This question is often asked when one finds out that all the blunt training swords in Japan are made from a zinc aluminum alloy. However to fully answer this question we need to first explain why this is the Japanese material of choice.
The Japanese sword laws are rather complicated and are both designed to preserve the art as well as to regulate the (antique) sword industry.
Rule number one is that it is ONLY allowed to create steel (magnetic) swords if you are officially registered as a Japanese sword smith. Additionally, sword smiths are only allowed to make two swords per month (or 24 per year) to prevent mass production.
These sword MUST qualify as nihonto, which means that they should be made of Tamahagane (traditional steel) or orishigane (gathered steel), should be folded and have the well-known nihonto features such as the hamon and the Japanese curvature. Steel swords that resemble Nihonto are
and only traditionally made Japanese swords are granted an owners permit.
Zinc aluminum iaito are an easy and cost efficient way to get around this law. The alloy isn't magnetic and can produce more or less a similar outcome. Also the material is very easy to work with due to its softness. Unfortunately it also as a lot of down sides such as a shorter life span (metal uniqueness), higher flexibility and lower pulling strength.
It's a safe assumption to say that steel swords are better, stronger and more like the traditional Japanese sword. Would the Japanese make iaito from steel should this be allowed? Of course yes!
In the rest of the world we are not restricted to use non-magnetic materials. This means that we can create swords that much more resemble the actual Japanese sword than Japanese iaito manufacturers.
Hardened steel swords can be made thinner and better balanced than zinc/alu swords and they will surely feel completely different from each other. Needless to say, an aluminum alloy will never be as strong and rigid as a steel alloy. Due to the lesser rigidity, a zinc aluminum sword has a stronger wobbling movement with your strike which heavily affects your tachikaze and ken-tai-ichi.
* A side note is that due to the current sword laws, it is NOT allowed to bring your non-Japanese steel shinken or iaito to Japan (for training). Swords will be checked at the customs for a magnetic reaction and seized & destroyed when you cannot show an import license and Japanese ownership papers.
How do i put on my kaku obi?
Simple :) Just follow the instructions in this video we made!
How do I become a samurai?
Well, in short... you don't :)
You can however study the traditional fighting arts of the samurai. A good start is to look in your neighborhood for an iaido or kenjutsu school.
Even nowadays there are still hundreds of active swordsmanship schools so despite you don't see or hear from them a lot, they are definitely there!
For a reference of what you are going to study, here is the first kata in the Zen Nippen Kendo Renmei Seitei kata range; mae. You can find all the seitei kata on our Youtube Channel but keep in mind that it's nearly impossible to capture all the right details by yourself. Joining a dojo will definitely help you in your training.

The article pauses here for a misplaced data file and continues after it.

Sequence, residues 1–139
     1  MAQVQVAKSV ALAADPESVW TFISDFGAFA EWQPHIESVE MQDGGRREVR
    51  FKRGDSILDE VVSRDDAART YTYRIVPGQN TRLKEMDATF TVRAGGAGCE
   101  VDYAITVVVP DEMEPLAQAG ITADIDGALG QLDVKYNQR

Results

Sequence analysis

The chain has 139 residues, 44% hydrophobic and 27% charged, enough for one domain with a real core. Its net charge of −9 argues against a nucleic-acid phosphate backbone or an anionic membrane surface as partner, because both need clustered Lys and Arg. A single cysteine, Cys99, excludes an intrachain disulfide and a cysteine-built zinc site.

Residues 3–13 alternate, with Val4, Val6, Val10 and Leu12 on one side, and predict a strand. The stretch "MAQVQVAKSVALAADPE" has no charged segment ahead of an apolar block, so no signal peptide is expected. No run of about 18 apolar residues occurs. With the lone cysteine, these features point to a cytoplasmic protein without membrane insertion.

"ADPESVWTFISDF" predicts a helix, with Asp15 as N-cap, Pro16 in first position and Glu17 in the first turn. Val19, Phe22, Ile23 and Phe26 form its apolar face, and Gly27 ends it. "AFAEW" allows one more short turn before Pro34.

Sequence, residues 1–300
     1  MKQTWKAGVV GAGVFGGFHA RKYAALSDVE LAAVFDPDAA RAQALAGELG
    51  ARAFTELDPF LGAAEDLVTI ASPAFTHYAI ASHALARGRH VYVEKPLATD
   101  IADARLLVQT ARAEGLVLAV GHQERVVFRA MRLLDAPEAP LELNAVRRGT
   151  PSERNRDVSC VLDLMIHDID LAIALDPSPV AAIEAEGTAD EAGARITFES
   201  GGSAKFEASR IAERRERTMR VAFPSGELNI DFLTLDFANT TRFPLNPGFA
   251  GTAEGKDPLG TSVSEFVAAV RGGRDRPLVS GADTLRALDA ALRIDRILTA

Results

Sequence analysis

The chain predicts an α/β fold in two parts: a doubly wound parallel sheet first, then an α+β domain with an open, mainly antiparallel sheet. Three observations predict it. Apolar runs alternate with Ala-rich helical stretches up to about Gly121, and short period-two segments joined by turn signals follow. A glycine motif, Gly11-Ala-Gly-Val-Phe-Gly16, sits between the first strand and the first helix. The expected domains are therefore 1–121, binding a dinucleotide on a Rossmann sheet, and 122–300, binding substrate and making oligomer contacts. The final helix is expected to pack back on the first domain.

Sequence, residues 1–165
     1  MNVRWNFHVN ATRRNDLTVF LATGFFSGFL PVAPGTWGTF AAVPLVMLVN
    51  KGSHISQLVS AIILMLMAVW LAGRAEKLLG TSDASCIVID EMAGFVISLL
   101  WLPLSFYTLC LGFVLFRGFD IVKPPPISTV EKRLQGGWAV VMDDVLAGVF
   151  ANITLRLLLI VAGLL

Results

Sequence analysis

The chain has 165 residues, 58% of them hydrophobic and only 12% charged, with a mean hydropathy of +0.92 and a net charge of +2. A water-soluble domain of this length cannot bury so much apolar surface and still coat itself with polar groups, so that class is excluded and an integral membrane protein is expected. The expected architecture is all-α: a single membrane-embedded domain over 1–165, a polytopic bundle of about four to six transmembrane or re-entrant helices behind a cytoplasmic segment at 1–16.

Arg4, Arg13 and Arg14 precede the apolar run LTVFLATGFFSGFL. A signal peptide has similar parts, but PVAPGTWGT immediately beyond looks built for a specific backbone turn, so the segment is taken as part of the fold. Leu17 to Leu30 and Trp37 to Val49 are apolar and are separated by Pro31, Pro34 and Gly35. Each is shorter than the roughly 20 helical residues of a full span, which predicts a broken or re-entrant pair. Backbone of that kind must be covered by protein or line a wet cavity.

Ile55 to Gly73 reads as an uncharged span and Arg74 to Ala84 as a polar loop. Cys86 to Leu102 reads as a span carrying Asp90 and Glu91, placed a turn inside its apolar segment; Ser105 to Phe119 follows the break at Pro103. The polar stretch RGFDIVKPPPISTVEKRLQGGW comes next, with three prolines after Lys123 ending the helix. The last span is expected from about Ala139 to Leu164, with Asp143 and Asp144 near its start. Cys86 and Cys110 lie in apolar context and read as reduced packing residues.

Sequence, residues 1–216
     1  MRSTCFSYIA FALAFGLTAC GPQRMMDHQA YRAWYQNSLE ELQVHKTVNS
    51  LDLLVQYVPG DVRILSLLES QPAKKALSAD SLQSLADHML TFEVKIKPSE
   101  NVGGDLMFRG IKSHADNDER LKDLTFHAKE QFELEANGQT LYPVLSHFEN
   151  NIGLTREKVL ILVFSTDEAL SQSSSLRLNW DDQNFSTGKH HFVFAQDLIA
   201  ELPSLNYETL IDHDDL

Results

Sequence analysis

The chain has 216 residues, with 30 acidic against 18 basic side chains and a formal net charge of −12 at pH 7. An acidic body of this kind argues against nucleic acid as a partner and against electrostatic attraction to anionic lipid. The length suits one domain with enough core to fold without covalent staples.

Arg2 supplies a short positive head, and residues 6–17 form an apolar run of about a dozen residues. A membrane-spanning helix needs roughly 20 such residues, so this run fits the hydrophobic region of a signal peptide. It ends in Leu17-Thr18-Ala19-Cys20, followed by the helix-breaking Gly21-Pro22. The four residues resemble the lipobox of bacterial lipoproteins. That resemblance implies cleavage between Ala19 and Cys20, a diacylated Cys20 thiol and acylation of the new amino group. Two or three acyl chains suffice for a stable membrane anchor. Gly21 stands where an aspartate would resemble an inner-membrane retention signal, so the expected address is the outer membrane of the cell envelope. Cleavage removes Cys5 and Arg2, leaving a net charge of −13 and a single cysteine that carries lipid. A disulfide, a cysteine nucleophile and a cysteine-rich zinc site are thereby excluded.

My tsuka is getting loose, can I fill up the space with a seppa-shaped piece of carton?
While a piece of carton may work for a short period of time, check from time to time whether the you can add a brass or copper seppa to fill up the space. Also check the mekugi whether it has dents and needs to be replaced.
A piece of carton will not be a direct hazard but you should pay attention what your sword has to say. Extra space in the tsuka means that the blade has room to snap against the wood with every strike (and add major stress to the mekugi). This eventually can cause the tsuka to crack.
Hold a sheet of paper against the wall and try to punch through the paper. You will not succeed.
However if you let a friend hold the paper in the air the paper is very fragile and will tear almost instantly.
The wall prevents the paper from abruptly changing it's shape, protecting it from tearing.
The Japanese sword is completely built up from natural and organic materials which are subject to wear. The difference between a strong and fragile sword can as small as a 0.5 mm gap in your handle.
Does my blade need one or two mekugi pins?
Authentic Japanese swords were equipped with only one pin. This should be enough if the handle has been made properly (with maximum friction around the nakago).
However, should a samurai have felt that his sword handle was getting loose, he would simply have his sword repaired by the village sayashi (saya-maker) and tsukamakishi (handle wrapper).
In current times, replacing a sword handle can be a very costly job and not every city has craftsmen in this area.
For this reason it can be a good idea to have two mekugi pins. Practitioners do not always have the experience to locate, recognize and repair the problems of a sword. A second pin may just save your own or someone else's life.
Should I train with iaito or shinken?
Without doubt one should never begin their swordsmanship training with a fully sharpened sword. Regardless of the talent or experience in other martial arts.
First of all there is the danger of injuring yourself due to the rather complicated techniques as nukitsuke (nuki-uchi~ drawing of the sword) and noto (re-sheathing of the sword in the saya). Note that your left hand is moved very close to the razorsharp blade and even a slight touch to your skin will instantly cut through it.